Australia is currently in the midst of a reform called the National Disability Insurance Scheme or NDIS. This reflects a widespread national recognition that change is necessary for the way that we care for and support those with disabilities. This scheme rolls out in 2017 in New South Wales.
Under the NDIS, Australia’s funding will now be allocated to and controlled by the individual with a disability rather than by service organizations, which traditionally provided programs that individuals had to fit or miss out. This change will enable eligible people to structure their income and their activities around their goals.
This potentially opens new opportunities for people with disability, as they gain voice and control and are able to decide what matters to them as a person.
In recent years, there has been increasing recognition that “disability” is not a medical diagnosis, but a bio-psycho-social one, as in the World Health Organisation’s International Classification of Functioning (ICF). This just means that our understanding of what disability often reflects our social environment. Advocates suggest that the word “dis-ability” indicates a limitation on the abilities of a person whom it describes.
With the technology we now have available and use today, many physical limitations can be now overcome – for example, people who wear reading glasses probably don’t see themselves as “disabled” while those of us who use wheelchairs and are unable to get access to the places where we do ordinary life are likely to identify themselves as having a “disability.”
The 2006 United Nations Convention on the Rights of Persons with Disabilities or UNCRPD (http://www.un.org/disabilities/convention/conventionfull.shtml) has now been signed by approximately one hundred and forty nations, including Australia. The UNCRPD is a commitment from governments to change the way they provide support to citizens with disability. This is of particular importance because many studies link disability to low socioeconomic status or poverty.
The Centre for Disability Studies, an affiliate of The University of Sydney, has been involved in some of the preparatory work for the NDIS.
And one of the interesting findings is that Australia’s NDIS may mark the potential reappearance (or more regular appearance) of many people with lifelong disabilities into Australia’s religious communities.*
In 2015 at the L’Arche 50-year Symposium conference hosted by The Centre for Theology & Ministry at Melbourne University, Dr Vivienne Riches and Dr Tanya Riches presented their research, outlining the self-reported religious affiliation of 246 Australians with disability during a trial assessment. This was the basis for a scholarly article for AlphaCrucis’ AustralAsian Pentecostal Studies (APS).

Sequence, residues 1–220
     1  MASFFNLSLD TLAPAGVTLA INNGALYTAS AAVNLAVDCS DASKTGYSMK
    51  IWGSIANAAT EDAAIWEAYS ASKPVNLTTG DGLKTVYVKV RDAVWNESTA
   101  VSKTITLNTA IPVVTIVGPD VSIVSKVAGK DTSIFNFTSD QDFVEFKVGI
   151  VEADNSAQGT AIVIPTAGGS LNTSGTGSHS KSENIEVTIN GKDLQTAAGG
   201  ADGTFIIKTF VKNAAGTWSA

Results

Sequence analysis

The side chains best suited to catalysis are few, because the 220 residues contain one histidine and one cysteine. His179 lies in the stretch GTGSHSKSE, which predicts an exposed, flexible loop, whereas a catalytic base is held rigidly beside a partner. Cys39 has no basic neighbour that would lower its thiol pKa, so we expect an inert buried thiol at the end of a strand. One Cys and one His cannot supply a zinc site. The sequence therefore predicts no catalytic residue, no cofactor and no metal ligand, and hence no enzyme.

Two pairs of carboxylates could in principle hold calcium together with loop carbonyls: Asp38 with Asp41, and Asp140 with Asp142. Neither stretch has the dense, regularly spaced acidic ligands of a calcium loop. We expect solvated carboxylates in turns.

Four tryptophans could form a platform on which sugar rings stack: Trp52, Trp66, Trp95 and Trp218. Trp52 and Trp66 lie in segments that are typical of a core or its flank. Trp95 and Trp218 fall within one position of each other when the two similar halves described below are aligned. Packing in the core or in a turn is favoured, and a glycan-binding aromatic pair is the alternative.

Of our respondents, 14 (5.7%) replied that they had ‘no religious affiliation’. The majority of others (92.5%) identified themselves as ‘Christian’, with many specified denominational affiliations.
There was another theme in the interviews with people with disability – staff was largely unable (or, occasionally unwilling) to take people with disability to church. Support for religious activities on the weekends within group homes has been patchy at best.
Now under the new funding arrangements, a person with a disability could articulate their goals as involvement in a faith community, and receive adequate support in order to attend church every weekend, visit the venue each week for music rehearsals, or regularly attend youth or discipleship meetings.
In most Australian cities, this finally marks the arrival of a real weekend for many people with moderate to profound disabilities. The weekend is the time when most people do social things. But until now, support staff structured support around their schedules – and most carers worked midweek.
Interestingly, however, within much of the Christian church, the massive impending social changes that are possible with the NDIS have not even raised an eyebrow. Perhaps this highlights a disconnect with the needs of our community, How much do we really love our neighbour with a disability?
Jesus was highly interested in people with disability – especially those who were dis-abled by their society. Jesus did not see disability as a curse (John 9:1-3). He often healed symptoms, of course, but his main contribution was in solving the wider social problems related to the stigmatisation of people.
Paul wrote several times of his physical weakness (e.g. 2 Cor 12:7-10). The great leader Moses had a speech impediment (Exodus 4:10- 16). Elijah was depressed to the point of suicidality in 1 Kings 19. And one of the most beautiful stories of hospitality in the Bible is the way King David treated Mephibosheth, the son of his friend Jonathan, who had a physical impairment (in 2 Sam 9).
Perhaps the church needs to be more open and connected to the needs of the people within it? …. Is your church community ready to wholeheartedly say “Welcome home” to those rolling over to the NDIS in 2017?
*It’s worth saying that service provision is more difficult in Australia’s remote and Aboriginal and Torres Strait Islander communities, where services are often further away. In many of these communities, however, there are also different conceptions of what “disability” is, and also different views about social responsibilities to kin.